While most US states that have legalized recreational cannabis still don’t allow the drug to be consumed in public, the Netherlands has no such ban on public marijuana consumption. Even today, one can light up anywhere tobacco smoking is allowed. But on Tuesday, April 17, 2018, The Hague banned the consumption of cannabis in the downtown area. Public cigarette consumption, however, remains legal in these areas.
The city announced in a letter that it will forbid what the Dutch law calls “soft drugs” in 13 places in the city, including the entire city center, the Central Station rail terminal and the seaside district of Scheveningen. The ban came after numerous residents complained that they felt disturbed by the intense smell of cannabis caused by hordes of German tourists from who have frequented the city-tolerated coffeeshops for decades.
Violator will be fined
Anyone who violates the ban will receive a warning until the end of April 2018. After this period, citations will be issued. The fines will be determined by the Public Prosecutor’s Office. The city administration recently began an effort to inform tourists about the new regulations through fliers and an online campaign.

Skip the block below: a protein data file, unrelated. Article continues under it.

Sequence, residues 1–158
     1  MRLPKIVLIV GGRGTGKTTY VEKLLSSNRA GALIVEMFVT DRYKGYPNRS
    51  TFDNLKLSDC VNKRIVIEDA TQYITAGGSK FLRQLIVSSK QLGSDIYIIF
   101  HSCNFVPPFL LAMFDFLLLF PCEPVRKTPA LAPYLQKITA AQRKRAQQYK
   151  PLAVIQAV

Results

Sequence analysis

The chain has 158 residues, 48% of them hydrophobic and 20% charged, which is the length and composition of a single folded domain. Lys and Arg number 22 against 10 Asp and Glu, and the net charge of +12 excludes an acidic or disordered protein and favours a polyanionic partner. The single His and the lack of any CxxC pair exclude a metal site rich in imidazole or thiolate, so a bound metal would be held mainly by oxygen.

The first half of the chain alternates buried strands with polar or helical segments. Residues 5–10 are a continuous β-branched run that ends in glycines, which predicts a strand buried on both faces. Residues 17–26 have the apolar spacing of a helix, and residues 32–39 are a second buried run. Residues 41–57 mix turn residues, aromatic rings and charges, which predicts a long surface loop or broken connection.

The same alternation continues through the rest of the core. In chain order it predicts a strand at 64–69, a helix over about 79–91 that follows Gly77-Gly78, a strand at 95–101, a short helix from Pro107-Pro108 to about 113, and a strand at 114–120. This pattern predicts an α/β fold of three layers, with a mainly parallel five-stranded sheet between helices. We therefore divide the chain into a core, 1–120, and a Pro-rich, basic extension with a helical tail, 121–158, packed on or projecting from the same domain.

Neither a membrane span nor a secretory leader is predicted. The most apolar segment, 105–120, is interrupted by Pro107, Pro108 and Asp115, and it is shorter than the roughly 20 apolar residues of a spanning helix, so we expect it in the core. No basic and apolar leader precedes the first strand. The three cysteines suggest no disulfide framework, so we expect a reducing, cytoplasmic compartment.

Although Dutch coffeeshops have sold cannabis products since the 1970s, they still operate in a gray area. The general framework is the same all over the country, but because the shops are regulated and licensed by the municipalities where they are located, the details of acceptance vary by city. The regulations have been gradually tightened since the 1990s, resulting in a disappearance of the once-prolific coffeeshops associated with the region. The ban in The Hague is the latest action by Dutch municipalities grappling with the ambiguity of cannabis policy in the Netherlands.
This article was originally published on Marijuana.com.
About Michael Knodt: Michael Knodt is an expert on cannabis politics and cannabis culture across Europe. Born in North Germany, Michael has been living in Berlin since 1990. He initially studied history and journalism before receiving his certification as a carpenter. Since then, Michael has made regular visits to countries where cannabis is cultivated, such as Jamaica and Morocco. He has worked as a freelancer for Weedmaps, Vice Magazine Germany, Sensi Seeds and numerous German-language cannabis magazines since 2004. From 2005 to 2013, Michael was the Editor-in-Chief of Germanys biggest cannabis periodical. He also is the face and presenter of the most popular program on cannabis prohibition and just launched a new channel called "DerMicha." Aside from his journalistic work, Michael is a cannabis patient, activist, sought-after speaker on conferences and congresses, and a father of two.